RS

  2. says

    After reading your post and the 1st reply I have to rethink how to reply…
    I was just going to say the most new jobs are going to come from non-Union trades.

    It seems to me the rise in corporate profitabilities across most of the typical stock exchange traded firms recently has been because labor costs are down. Even when the cost of raw materials are up.

    Many of the federally funded “make work” type projects are for the big unions with the biggest overhead for stuff like building roads and other hard to hire into type union positions with big burdens to overcome before those employers hire very many new people. Bullet train… Levee construction… Airport expansion. All good things and may get a few more teamsters out of the union hall but adding jobs for hundreds of thousands of average folks is not going to happen this way.

    So, thank you Mr. Cooke the first half of your article is very good.

    However when I got to “movement must start at the local level, from the bottom up. Local unions and labor councils should …” you lost me. The multitude of out of work Americans are not part of any “labor council” to start with.

    We may have a new high as the standard for unemployment levels. But in the new America we have an era of hyper-competition. A college degree means little. What you do with whatever you got means everything. Being industrious does not mean leave it to the boss anymore.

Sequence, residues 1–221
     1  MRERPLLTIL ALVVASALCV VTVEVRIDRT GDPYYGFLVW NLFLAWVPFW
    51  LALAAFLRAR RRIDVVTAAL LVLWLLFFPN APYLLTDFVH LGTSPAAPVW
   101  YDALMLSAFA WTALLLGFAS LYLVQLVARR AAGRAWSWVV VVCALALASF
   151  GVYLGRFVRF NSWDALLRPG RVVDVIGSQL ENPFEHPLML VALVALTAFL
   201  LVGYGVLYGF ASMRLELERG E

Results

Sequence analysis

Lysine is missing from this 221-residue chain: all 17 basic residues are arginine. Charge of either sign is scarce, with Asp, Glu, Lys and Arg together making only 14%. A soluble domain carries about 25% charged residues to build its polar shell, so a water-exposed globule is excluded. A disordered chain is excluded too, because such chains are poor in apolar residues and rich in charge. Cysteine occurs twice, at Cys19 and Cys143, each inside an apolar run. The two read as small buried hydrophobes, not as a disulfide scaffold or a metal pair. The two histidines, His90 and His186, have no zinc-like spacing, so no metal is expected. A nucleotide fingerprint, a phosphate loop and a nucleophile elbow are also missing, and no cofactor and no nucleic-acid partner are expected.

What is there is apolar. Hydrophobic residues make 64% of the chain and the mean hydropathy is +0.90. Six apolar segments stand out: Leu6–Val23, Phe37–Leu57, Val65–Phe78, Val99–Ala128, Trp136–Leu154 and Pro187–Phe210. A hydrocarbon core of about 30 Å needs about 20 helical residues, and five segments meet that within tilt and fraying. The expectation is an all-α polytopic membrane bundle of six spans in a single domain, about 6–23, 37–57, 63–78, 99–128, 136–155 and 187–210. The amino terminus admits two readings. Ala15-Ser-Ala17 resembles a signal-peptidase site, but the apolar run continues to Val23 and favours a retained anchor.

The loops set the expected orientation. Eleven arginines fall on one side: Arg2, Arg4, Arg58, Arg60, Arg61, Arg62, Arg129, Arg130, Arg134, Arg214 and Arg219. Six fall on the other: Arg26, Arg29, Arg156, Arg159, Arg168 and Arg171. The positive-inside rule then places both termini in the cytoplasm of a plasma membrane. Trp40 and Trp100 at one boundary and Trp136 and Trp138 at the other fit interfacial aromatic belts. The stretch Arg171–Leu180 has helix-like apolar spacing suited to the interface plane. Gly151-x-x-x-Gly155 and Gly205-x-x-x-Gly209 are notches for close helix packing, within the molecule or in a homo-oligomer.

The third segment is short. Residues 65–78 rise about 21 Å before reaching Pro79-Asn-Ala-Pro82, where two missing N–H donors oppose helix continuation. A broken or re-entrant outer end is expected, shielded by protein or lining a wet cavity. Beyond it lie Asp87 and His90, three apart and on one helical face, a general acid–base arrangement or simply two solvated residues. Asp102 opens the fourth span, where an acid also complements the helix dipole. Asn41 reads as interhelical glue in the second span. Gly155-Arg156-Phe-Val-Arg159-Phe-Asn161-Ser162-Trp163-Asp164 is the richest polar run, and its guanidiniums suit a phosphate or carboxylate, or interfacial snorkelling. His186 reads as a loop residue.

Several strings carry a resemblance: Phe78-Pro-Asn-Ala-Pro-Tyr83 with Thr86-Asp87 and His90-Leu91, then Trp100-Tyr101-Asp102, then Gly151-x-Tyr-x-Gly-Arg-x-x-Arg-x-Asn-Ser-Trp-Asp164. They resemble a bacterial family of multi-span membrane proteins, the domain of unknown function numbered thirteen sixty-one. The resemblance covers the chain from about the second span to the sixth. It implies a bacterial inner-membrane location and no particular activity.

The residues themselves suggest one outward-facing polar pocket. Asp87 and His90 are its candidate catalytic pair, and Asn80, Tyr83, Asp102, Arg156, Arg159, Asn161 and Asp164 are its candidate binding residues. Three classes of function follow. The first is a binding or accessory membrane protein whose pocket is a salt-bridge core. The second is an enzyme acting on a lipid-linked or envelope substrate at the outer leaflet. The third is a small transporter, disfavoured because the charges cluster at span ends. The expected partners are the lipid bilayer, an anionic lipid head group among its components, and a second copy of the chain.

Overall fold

We are not going to run into the town square and demand Jobs. (Egypt’s events will not happen here in USA)

    This an era of hyper-competition is exacerbated by what Mr. Spearmann says above.

    Good help us all to keep our jobs and prosper.

    IMHO

  3. Spearmann says

    I don’t see this piece as especially thoughtful… quoting economists that don’t say anything about economics (instead acting in the full capacity of their OTHER job, leftist politician).

    Take for example this idea of a “jobs recession”. There is no such thing.

    The economy is in a recession, or it’s not. Further, there is no such “thing” as a “job”. A job is just a unit of work. Like a gallon, when considering milk. There is no such thing as a “gallon”. You can’t grab one. You can’t see one. It is conceptual only.

    Work, on the other hand, is all around us… but much of it is killed off or sent over seas. How do I know this? Because I’ve done it. I have sent dozens of jobs overseas, and I can tell you EXACTLY why I did it.